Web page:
LORINC: Can there be a Kumbaya moment for the Gardiner?

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In the wake of the intense session at the public works committee, the Gardiner East battle was joined by North York councillor James Pasternak, who is said to be shopping around a toll proposal, and then city planner Jennifer Keesmaat, who on Friday set planning tongues a wagging by publicly breaking with Mayor John Tory and backing the remove option.

It’s not clear whether either of these will influence undecided councillors.

Pasternak’s move looks to me like a half-baked ploy meant to assuage right-of-centre suburban councillors who are feeling squirmy about the high cost of the hybrid. Perhaps Pasternak reckons he can firm up the pro-hybrid faction with some kind of motion asking for a study on tolling options/revenues, etc., etc. But I’m guessing his supporters would go to ground at the first sign of trouble – e.g., directed robocall campaigns, talk radio call-in sessions, etc.

As for Keesmaat, my feeling is that she’s preaching to the choir, and everyone at 100 Queen West. understands that fact of council life. Initially, it seemed vaguely scandalous that such a senior official would break with the chief magistrate. But her views on planning issues are nothing if not well known. In any event, she would have been asked the question when the Gardiner debate starts in council. Unless her boss John Livey decides to bench her for the duration, Keesmaat would have expressed her professional opinion. She just did it a few weeks early.

The question I have is whether council is prepared to consider some kind of middle ground – an art-of-compromise deal that splits the difference by assuaging the suburban right’s concerns about traffic and cost, and the downtown left’s critique of highway building.

Interestingly, public works chair Jaye Robinson told me a few days after the committee session that she wants to see a third option emerge. “I’m hoping there’s some kind of middle ground. That would be exciting to find.” And, as she added at the time, “We have three full weeks, so there’s lots of time.”

Robinson’s view is significant. She was one of the first councillors to break with former mayor Rob Ford when his brother Doug sought to commandeer the waterfront revitalization file. Robinson’s critique flowed from her concerns about the fate of the lower Don revitalization, and the way the Fords’ scheme ran roughshod over years of intensive public consultation.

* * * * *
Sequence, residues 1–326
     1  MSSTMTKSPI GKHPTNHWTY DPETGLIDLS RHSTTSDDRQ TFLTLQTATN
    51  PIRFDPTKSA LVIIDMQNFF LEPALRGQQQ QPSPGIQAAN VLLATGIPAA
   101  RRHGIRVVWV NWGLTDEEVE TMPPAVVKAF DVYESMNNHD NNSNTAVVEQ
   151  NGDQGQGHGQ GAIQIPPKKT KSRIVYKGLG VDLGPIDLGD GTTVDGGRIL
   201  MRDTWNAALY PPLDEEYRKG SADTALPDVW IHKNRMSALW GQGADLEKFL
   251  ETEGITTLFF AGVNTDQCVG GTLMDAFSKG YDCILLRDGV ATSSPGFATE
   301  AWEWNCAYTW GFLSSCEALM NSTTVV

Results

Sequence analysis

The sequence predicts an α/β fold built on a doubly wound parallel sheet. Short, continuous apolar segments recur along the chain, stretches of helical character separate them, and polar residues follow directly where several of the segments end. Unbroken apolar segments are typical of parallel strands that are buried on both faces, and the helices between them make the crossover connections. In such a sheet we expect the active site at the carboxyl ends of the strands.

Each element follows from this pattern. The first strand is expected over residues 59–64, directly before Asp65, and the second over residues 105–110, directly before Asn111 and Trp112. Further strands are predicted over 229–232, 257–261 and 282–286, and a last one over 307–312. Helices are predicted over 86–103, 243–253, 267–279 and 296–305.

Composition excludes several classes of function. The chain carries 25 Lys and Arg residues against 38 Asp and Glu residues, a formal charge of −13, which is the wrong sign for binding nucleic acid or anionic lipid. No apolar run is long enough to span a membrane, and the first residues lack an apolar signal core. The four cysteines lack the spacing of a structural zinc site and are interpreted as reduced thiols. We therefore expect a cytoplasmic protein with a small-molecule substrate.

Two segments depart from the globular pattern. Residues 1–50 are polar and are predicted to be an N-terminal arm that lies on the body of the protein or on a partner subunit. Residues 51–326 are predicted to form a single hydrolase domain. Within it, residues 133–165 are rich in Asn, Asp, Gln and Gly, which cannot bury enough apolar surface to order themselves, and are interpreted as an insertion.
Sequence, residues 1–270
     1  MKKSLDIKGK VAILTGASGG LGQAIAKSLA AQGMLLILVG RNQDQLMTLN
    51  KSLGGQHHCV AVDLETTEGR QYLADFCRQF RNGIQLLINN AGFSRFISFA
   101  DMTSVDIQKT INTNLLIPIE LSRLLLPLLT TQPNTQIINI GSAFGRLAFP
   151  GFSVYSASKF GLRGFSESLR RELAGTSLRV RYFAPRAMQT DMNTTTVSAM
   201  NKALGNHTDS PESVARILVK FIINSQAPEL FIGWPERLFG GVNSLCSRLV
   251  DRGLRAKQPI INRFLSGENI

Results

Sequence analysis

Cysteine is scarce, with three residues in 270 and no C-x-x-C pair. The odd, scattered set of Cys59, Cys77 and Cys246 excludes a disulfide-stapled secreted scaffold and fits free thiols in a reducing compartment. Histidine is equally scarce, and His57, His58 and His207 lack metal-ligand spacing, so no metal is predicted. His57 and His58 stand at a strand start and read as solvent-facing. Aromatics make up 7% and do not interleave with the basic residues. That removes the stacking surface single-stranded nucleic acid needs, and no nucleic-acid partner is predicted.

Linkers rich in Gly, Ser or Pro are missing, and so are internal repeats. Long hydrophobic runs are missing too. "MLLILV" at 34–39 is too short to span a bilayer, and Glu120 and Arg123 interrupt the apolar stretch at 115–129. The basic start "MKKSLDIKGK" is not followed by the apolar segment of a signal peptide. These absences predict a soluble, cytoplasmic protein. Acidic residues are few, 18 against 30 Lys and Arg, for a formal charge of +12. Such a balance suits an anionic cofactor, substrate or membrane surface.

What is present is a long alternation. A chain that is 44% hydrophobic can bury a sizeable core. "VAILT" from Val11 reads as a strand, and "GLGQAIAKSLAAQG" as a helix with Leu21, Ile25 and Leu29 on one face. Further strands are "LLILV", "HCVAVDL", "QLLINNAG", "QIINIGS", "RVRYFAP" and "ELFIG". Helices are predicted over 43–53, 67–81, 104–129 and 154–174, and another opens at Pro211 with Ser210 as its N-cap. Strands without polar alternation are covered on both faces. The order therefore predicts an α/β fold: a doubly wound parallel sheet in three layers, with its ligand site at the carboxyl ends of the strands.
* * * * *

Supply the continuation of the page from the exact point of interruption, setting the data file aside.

Her council status is also significant. Then, as now, she was a member of the executive committee, and thus constrained in her capacity to break with the mayor on a major issue while maintaining her status in his inner circle.

There’s little question in my mind that Robinson is uncomfortable with the hybrid option. During private briefings before the committee meeting with the mayor and senior staff, she said she needed to understand the impact of the hybrid on the Lower Don Revitalization, which is expected to cost almost $1 billion. “That was the first question out of my mouth.”

As for the proposed configuration of the hybrid, she told me she’s “not crazy about” the fact that it now swings down to the Keating, an alignment that did not figure in developer First Gulf’s original conception, circulated last fall during the election campaign. Lastly, Robinson said she was surprised by the fact that the hybrid route would pass through land slated for private development – a detail Robinson claims she didn’t discover until developer Alfredo Romano and his lawyer deputed at the committee meeting.

Okay, so what does middle ground look like?

Robinson’s information requests, which are appended to the motion that has been forwarded without recommendation to council, offer a few clues: she wants to know more about additional lane capacity and measures such as pedestrian overpasses for the portion of the boulevard that cut through the Keating precinct before meeting up with a tamed Lakeshore Blvd. near Cherry Street.

At first glance, such moves are hardly ideal and point to the prospect of a large, over-engineered arterial road. But it seems to me that if we take the long view, it’s better for the city to build a wide surface road that’s set back from the water and can be narrowed later on, as opposed to an extremely pricey elevated highway that permanently compromises the viability of the water’s edge.

Shelley Carroll, in fact, offered up a thought-provoking way of reconceptualizing the planning implications of a broad boulevard in a note to constituents sent out after the committee meeting:

“The Committee is made up of staunch Tory supporters—most of us are—but they heard a strong case for the ‘Boulevard’ option (also known as the ‘Removal’ option) and a weak case for the expensive ‘Elevated’ option. I call the ‘Removal’ option the ‘Boulevard’ option because it is important to note that under this option we are talking about a completely redesigned, high capacity boulevard that offers the City a new downtown business park…. [italics added]”